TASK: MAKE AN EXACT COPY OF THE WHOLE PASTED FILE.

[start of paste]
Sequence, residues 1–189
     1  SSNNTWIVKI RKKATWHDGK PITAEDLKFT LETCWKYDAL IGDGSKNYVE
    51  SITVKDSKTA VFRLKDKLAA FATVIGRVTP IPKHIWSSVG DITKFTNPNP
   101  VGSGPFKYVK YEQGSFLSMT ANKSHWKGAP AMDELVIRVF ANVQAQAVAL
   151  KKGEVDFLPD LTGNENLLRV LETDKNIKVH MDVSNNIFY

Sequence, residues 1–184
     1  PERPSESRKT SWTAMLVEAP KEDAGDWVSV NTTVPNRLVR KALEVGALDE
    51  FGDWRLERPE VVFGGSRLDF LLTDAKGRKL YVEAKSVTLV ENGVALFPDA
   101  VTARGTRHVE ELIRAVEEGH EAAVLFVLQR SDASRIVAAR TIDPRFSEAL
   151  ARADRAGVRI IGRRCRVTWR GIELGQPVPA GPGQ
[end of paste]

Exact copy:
Sequence, residues 1–189
     1  SSNNTWIVKI RKKATWHDGK PITAEDLKFT LETCWKYDAL IGDGSKNYVE
    51  SITVKDSKTA VFRLKDKLAA FATVIGRVTP IPKHIWSSVG DITKFTNPNP
   101  VGSGPFKYVK YEQGSFLSMT ANKSHWKGAP AMDELVIRVF ANVQAQAVAL
   151  KKGEVDFLPD LTGNENLLRV LETDKNIKVH MDVSNNIFY

Sequence, residues 1–184
     1  PERPSESRKT SWTAMLVEAP KEDAGDWVSV NTTVPNRLVR KALEVGALDE
    51  FGDWRLERPE VVFGGSRLDF LLTDAKGRKL YVEAKSVTLV ENGVALFPDA
   101  VTARGTRHVE ELIRAVEEGH EAAVLFVLQR SDASRIVAAR TIDPRFSEAL
   151  ARADRAGVRI IGRRCRVTWR GIELGQPVPA GPGQ